May 19th - Meet with Caol Ila

May 20th - Travel day

May 21st - Meet with Bowmore at the mainland warehouse w/ Rachel Barrie in the AM, drive to meet with another new mystery bottler :)

May 22nd - two meetings with two other mystery bottlers (sorry, can't ruin the surprise!)

May 23rd - Fly home

-David Driscoll


A Pair of Alchemists

Ever since the great Alchemist summer deal of 2011 we haven't seen much in terms of value from this once-great independent bottler.  Today, however, I tasted a few new arrivals at the distributor's office and these two jumped out at me.  While they're not offered at the closeout price that I was "pimping" last year, both represent outstanding value for the money.  We have a few bottles of each in stock at the moment for those looking to branch out a bit.

Mortlach 22 Year Old Alchemist Single Malt Whisky $129.99 - We never see enough Mortlach stateside, and the few bottles we do get aren't always great. One of the great sherried stalwarts of the Speyside, this 22 year old from the Alchemist bottlers is completely without sherry aging. Lean in mouthfeel, the entry starts off rather oily and herbal, but the vanilla richness really kicks in on the finish. Straw colored despite its age, this Mortlach has obviously been aging in refill hogshead quite gracefully. A wonderful peek at what the whisky itself tastes like without all the sherry.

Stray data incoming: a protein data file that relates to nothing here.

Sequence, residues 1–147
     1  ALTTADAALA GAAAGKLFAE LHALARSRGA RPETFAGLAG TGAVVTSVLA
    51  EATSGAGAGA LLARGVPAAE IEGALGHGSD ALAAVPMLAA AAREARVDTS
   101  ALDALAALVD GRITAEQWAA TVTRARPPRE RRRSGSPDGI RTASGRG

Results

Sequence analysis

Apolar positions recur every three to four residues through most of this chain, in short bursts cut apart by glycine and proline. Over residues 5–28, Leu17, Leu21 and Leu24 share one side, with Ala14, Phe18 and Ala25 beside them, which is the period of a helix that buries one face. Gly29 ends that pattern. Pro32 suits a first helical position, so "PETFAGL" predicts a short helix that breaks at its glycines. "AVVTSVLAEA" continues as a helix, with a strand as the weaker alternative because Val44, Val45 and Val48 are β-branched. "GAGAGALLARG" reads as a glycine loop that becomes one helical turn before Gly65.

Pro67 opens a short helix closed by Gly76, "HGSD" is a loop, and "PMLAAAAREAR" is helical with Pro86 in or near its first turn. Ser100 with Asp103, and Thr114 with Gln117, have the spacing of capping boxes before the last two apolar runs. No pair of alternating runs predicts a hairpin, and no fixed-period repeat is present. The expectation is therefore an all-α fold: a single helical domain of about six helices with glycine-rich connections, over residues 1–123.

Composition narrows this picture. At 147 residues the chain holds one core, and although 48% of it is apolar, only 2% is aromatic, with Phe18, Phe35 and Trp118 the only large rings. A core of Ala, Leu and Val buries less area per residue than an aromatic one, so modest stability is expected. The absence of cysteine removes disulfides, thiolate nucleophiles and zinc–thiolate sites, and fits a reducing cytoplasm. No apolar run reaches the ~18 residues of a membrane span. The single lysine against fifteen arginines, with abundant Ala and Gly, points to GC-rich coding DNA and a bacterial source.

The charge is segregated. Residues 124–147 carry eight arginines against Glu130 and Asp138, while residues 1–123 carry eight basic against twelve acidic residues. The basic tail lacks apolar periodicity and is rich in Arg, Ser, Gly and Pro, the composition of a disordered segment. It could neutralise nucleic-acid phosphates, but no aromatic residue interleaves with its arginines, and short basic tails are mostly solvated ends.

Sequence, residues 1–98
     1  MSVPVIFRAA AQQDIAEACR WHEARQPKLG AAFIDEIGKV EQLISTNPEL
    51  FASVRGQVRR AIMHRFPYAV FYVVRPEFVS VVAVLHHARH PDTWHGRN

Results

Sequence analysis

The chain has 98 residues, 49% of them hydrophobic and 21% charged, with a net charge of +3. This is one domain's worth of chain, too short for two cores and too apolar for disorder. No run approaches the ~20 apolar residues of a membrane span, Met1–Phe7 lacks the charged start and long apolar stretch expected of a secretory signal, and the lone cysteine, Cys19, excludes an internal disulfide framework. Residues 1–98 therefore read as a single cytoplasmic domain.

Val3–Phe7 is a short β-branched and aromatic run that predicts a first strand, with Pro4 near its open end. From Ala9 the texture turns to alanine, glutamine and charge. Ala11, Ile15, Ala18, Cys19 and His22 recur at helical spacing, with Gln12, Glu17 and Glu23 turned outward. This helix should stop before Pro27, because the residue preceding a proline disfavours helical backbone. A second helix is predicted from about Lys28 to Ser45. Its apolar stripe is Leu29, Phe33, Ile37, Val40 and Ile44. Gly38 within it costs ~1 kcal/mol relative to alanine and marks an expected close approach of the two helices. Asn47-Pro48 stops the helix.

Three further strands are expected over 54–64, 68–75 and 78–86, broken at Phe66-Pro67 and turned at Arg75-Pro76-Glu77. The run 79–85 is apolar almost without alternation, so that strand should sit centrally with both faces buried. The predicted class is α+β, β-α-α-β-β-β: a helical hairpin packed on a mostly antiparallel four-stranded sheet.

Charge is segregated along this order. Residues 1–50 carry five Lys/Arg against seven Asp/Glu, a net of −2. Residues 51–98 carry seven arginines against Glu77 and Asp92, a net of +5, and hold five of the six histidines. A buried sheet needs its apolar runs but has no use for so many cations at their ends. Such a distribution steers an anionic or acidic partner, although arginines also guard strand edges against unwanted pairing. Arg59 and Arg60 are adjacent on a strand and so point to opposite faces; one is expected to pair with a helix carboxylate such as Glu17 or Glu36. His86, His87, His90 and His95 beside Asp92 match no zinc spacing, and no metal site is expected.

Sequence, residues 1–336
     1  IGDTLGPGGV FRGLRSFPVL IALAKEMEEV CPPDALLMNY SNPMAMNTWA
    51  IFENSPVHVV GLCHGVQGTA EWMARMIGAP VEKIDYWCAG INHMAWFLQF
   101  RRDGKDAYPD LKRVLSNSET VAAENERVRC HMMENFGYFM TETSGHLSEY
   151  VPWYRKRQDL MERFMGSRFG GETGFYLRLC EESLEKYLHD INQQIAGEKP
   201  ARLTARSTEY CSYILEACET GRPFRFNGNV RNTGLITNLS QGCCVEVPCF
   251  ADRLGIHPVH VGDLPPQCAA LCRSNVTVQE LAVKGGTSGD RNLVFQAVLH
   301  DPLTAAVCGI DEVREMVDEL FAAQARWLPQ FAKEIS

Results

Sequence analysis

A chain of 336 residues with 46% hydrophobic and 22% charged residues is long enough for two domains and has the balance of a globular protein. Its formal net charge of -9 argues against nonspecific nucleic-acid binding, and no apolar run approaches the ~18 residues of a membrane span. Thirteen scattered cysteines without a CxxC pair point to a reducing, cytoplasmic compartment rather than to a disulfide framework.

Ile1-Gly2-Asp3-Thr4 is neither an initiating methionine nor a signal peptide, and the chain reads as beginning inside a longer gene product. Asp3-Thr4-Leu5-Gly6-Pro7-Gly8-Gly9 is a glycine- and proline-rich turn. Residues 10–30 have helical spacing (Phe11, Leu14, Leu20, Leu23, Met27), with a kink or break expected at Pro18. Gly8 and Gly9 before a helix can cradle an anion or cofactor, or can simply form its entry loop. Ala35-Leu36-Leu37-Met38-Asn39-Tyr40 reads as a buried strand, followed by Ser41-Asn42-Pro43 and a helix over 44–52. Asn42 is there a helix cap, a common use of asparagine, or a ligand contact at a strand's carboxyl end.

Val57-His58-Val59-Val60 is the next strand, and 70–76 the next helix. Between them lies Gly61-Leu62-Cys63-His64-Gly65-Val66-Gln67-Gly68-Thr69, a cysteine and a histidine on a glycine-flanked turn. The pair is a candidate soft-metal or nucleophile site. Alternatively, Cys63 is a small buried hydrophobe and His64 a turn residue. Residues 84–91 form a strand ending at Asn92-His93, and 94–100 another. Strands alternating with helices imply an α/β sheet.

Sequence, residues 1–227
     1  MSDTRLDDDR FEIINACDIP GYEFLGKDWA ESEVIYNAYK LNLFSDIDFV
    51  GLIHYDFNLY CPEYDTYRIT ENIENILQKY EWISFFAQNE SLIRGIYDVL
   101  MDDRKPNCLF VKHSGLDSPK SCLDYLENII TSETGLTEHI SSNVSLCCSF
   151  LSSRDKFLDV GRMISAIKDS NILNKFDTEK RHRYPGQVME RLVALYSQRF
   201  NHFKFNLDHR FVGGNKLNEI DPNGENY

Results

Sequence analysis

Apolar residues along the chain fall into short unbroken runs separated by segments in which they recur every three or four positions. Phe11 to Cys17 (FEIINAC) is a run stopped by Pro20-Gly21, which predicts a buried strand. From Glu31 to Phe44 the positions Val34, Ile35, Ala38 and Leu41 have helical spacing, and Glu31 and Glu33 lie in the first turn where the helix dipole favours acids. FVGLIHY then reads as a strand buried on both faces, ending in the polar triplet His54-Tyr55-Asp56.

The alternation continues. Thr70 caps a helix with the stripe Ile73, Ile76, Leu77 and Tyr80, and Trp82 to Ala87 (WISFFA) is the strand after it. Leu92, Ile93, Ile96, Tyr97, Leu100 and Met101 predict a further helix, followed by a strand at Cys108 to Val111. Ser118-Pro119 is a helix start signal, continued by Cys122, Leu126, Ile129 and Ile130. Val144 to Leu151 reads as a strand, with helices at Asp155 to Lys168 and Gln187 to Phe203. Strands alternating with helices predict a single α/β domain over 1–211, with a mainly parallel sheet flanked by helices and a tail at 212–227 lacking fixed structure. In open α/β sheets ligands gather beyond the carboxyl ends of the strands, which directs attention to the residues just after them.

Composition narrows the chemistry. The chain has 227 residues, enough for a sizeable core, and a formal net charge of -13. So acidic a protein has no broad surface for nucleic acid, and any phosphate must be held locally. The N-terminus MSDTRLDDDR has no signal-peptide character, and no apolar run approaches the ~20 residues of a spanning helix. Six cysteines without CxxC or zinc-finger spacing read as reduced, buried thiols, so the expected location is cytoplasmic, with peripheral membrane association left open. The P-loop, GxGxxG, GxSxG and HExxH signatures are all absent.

Highland Park 19 Year Old Alchemist Single Malt Whisky $115.99 - While the Alchemist label does not specify, this 19 year old independently-bottled Highland Park seems to have been aged in a refill sherry barrel. Light amber in color, the entry is slightly rich with cakebread and fruit, before leading into some mellow phenolic notes. The smoke is just a whisper before the toffee comes hard on the finish, ending with a rich and warming flurry of flavor. This is one of the better indie HPs I've seen in some time, especially for the price.

-David Driscoll